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Anna und Walter Bunge, 1930er Jahre
© Forschungsstelle für Zeitgeschichte Hamburg

Walter Bunge * 1898

Pusbackstraße 38 (Wandsbek, Rahlstedt)

JG. 1898

Walter Bunge, born 28 Feb. 1898 in Halle an der Saale, executed 27 Nov. 1944 in the Brandenburg-Görden prison

Pusbackstraße 38

Walter Bunge and his three brothers and sisters were raised by their mother Emilie Bunge in Halle. After his compulsory schooling he apprenticed with his uncle as a butcher. When the uncle was killed in the First World War, Walter Bunge moved to Hamburg and volunteered for military service. He returned to Hamburg from Belgium after the armistice, disillusioned and an outspoken opponent of war. A shot to the head had destroyed his right eye, and he suffered headaches as a result of this injury for the rest of his life.

In 1919 Walter Bunge met Anna Zucker (*1898 in Altona). A deeply loving relationship developed, which lasted their entire lives. They shared the same pacifistic ideals, and joined the SPD (Social Democratic Party of Germany). In 1923 they left the SPD for the KPD (Communist Party of Germany). Walter Bunge became the KPD party representative in Rahlstedt.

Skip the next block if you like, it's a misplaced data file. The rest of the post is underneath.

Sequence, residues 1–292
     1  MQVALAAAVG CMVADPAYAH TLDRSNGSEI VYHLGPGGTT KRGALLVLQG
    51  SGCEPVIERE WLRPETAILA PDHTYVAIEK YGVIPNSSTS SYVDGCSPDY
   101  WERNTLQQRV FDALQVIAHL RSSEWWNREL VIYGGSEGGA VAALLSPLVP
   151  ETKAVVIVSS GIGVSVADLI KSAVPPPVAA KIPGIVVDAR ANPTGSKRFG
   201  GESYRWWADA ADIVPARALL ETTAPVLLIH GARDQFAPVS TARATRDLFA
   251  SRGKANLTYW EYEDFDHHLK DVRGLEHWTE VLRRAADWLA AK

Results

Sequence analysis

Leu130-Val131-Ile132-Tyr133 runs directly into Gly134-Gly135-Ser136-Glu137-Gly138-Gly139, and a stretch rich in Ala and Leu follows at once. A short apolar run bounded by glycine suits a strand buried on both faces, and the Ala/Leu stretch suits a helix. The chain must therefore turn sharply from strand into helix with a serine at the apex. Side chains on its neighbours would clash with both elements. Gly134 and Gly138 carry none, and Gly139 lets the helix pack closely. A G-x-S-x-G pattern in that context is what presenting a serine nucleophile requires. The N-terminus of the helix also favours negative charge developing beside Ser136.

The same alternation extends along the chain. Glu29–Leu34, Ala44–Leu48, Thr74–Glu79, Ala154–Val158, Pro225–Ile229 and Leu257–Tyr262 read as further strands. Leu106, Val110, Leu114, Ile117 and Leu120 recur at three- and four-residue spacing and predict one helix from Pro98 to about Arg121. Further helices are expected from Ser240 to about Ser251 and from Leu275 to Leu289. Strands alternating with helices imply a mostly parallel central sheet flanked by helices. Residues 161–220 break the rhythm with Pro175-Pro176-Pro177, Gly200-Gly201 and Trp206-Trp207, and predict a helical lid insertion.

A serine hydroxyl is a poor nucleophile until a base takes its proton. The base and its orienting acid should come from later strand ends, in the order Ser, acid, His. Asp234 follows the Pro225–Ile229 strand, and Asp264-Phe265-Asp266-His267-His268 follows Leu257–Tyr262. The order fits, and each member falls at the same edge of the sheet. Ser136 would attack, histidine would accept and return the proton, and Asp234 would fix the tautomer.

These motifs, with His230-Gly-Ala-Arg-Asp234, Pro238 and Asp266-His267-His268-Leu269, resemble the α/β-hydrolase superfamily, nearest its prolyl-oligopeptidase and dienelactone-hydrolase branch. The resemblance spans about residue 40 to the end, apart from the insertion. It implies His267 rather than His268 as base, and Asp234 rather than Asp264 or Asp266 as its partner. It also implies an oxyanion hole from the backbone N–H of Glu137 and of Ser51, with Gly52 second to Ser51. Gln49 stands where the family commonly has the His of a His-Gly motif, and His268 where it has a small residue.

Anna and Walter Bunge bought a plot of land at Pusbackstraße 38 in Meiendorf-Rahlstedt, which at that time belonged to the Stormarn administrative district. There they raised chickens. Walter Bunge acted as an advisor for fellow war invalids who faced bureaucratic complications with their pensions, and continued his political activities. He became a board member of the International Union of Victims of War (Internationalen Bund der Opfer des Krieges). In 1931 he took part in a study tour of the Soviet Union, which deeply impressed him. After his return he considered establishing a chicken farm with 150,000 laying hens on Meiendorfer Weg, based on the model of a Soviet kolkhoz (collective farm).

The long list of Walter Bunge’s stays in prison began shortly before the Reichstag election on 5 March 1933. He was well-known as an active Communist and was detained "preventively” by the police. He read Communist publications and organized their distribution in Rahlstedt and the surrounding areas. In 1935 he was sentenced to 18 months in prison for harboring a member of the resistance who he refused to name.

Anna Bunge also spent time in prison during these years. She was sentenced to 16 months for "conspiracy to commit high treason.”

When Walter Bunge’s veteran’s pension was cut in half, he established a cider mill to ensure his income. The mill became well known in Berne, Volksdorf and Rahlstedt. The number of customers increased and he was soon able to buy more modern equipment.